Three pages of examples of officers attaining specialty certifications were presented.

"We’re highly trained and that helps us solve crimes," Keppley concluded.

East Cocalico has two detectives currently working on a total of 61 active cases.

"Some of the cases are related, like car break-ins," Keppley noted.

"I feel like the weight of the world is resting on my shoulders," Keppley stated in a serious tone. But the audience gave him a boisterous, standing ovation at the conclusion of his presentation.

"I think it’s a shame that the police department has to defend itself. They do a great job. We would not be here if East Cocalico would have been willing to talk after issuing their new police contract," commented West Cocalico chairman Jacque Smith.

"They refused to talk with us," she continued. "We had to go out and look for other service. Now they say they will talk with us."

Chief Beever’s numbers made it clear that comparing the services of Northern Lancaster County Regional Police Department (NLCRPD) and East Cocalico Police Department were not comparing two equal entities. For a smaller coverage area, East Cocalico officers provide more patrol coverage, more detectives, and listed 22 community policing events and services that occur on a regular basis.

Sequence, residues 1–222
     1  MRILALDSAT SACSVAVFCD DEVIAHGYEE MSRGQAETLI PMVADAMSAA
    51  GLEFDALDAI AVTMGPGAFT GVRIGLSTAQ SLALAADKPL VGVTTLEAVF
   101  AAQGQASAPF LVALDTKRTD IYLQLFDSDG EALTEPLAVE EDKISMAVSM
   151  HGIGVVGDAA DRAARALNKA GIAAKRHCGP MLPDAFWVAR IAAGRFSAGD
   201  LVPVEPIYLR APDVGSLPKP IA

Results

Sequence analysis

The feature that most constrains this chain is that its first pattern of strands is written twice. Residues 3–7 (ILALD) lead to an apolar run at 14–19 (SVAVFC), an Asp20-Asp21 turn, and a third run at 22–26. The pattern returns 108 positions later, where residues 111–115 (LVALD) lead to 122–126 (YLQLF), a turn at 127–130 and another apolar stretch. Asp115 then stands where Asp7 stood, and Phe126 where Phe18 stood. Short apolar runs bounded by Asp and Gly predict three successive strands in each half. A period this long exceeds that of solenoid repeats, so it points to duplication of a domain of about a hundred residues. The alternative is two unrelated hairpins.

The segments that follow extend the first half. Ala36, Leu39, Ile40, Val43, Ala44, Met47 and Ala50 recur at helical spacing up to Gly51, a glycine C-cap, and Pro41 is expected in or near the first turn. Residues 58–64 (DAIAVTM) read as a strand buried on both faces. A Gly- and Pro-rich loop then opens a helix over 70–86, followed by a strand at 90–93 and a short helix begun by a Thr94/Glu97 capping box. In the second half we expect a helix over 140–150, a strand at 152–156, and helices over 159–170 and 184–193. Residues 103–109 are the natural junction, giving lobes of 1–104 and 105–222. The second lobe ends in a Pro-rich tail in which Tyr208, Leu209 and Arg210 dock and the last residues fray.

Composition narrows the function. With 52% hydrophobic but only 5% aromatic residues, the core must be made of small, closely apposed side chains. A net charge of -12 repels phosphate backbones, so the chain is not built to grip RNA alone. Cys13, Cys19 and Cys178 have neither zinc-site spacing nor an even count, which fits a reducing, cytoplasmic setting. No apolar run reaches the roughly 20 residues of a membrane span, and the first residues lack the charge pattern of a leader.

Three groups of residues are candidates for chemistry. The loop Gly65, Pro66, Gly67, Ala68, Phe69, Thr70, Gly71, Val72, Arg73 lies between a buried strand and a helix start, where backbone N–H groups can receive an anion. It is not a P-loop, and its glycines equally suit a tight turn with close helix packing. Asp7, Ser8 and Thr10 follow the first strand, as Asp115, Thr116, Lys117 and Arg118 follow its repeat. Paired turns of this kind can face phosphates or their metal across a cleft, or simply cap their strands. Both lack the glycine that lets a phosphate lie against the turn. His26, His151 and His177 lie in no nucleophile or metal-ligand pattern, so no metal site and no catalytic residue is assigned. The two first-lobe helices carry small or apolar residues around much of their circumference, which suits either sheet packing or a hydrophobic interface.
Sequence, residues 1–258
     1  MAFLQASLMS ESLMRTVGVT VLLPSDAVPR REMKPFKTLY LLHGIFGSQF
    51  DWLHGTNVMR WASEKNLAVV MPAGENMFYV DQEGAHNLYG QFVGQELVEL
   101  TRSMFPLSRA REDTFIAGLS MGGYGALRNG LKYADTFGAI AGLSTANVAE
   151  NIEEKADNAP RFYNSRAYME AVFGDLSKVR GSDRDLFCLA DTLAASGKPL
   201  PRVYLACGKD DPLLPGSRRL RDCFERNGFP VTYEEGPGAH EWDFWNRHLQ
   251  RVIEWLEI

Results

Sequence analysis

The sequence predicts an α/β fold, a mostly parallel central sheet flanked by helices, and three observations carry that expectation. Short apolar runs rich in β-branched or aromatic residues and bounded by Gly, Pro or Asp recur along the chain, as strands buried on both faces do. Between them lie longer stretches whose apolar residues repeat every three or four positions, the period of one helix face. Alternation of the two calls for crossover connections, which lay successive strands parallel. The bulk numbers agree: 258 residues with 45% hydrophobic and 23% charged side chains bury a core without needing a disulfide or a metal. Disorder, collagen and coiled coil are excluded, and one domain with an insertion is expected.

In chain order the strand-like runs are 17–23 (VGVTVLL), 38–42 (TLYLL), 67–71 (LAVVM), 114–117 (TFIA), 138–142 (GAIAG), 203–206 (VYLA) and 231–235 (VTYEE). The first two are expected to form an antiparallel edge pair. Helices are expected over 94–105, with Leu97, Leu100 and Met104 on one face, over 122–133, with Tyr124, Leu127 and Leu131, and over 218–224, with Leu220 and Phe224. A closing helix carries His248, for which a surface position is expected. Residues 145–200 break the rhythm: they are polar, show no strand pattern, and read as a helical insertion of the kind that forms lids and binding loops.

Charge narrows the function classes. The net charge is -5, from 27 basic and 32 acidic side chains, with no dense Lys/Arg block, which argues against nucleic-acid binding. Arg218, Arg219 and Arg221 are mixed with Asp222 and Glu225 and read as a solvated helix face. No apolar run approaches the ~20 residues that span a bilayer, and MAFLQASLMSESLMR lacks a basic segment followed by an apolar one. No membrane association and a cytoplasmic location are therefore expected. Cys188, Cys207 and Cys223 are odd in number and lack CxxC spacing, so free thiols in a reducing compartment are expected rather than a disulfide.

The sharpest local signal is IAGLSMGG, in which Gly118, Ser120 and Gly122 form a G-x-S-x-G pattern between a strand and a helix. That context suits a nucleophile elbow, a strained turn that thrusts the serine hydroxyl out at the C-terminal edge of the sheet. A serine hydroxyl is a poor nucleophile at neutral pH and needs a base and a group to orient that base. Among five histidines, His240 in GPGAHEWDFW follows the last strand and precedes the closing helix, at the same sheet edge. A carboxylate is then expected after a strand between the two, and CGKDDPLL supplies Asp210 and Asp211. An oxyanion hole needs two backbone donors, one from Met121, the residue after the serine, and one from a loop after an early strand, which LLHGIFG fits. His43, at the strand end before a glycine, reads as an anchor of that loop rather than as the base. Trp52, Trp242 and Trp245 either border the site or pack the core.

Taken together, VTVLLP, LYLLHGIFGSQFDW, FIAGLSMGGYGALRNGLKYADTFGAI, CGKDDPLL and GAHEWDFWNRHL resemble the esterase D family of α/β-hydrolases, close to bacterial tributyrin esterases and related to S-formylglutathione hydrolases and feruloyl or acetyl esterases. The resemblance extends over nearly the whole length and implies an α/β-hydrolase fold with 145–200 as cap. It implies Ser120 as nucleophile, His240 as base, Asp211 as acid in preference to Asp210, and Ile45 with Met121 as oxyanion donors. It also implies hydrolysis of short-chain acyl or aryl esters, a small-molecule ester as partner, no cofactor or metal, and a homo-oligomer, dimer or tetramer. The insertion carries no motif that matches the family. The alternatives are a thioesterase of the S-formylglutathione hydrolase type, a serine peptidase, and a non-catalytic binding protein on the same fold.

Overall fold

"Please know I think the officers and Chief of NLCRPD are fine officers," said Beever.

"I’ve visited the Northwest, Susquehanna and Southern Regional Police departments since this issue first surfaced," said Beever.

Beever said that the Southern Lancaster County Regional Police Department uses a modified version of the PPU (police protection unit – usually 10 hours) calculation for police coverage like NLCRPD. The other regional departments don’t use this type of cost formula.

East Cocalico costs "are calculated on population and police activity," Beever said.

"We have a whole generation of people who have grown up with the East Cocalico Police Department and are used to a certain level of service," Beever said.

If the Cocalico area would switch to a regional department and want the same level of service, the answer regional would give is to buy more PPUs, according to Beever. This would increase the cost.

Retired East Cocalico police sergeant and West Cocalico resident, Ray Burns, was one of more than a dozen people who spoke during the public comment time.

"If you bought into the regional agreement," Burns said, "it has a buy-out clause, which is equal to one-year service at the same rate as the previous year. It’s not meant to be punitive, but it is."

"A charter member of NLCRPD assumes a certain amount of liability," Burns explained. "If coverage is exceeded by claims, each individual municipality assumes that liability."

"If you think you’d like a regional department go with the old agreement and do a study," said Burns.

"I believe I can say 90 percent or better of the people are not unhappy with the East Cocalico Police Department. I suggested when we joined the police department that we have a board with representatives from each municipality," said Denver resident, business owner and 42-year fire department member, John Weaver.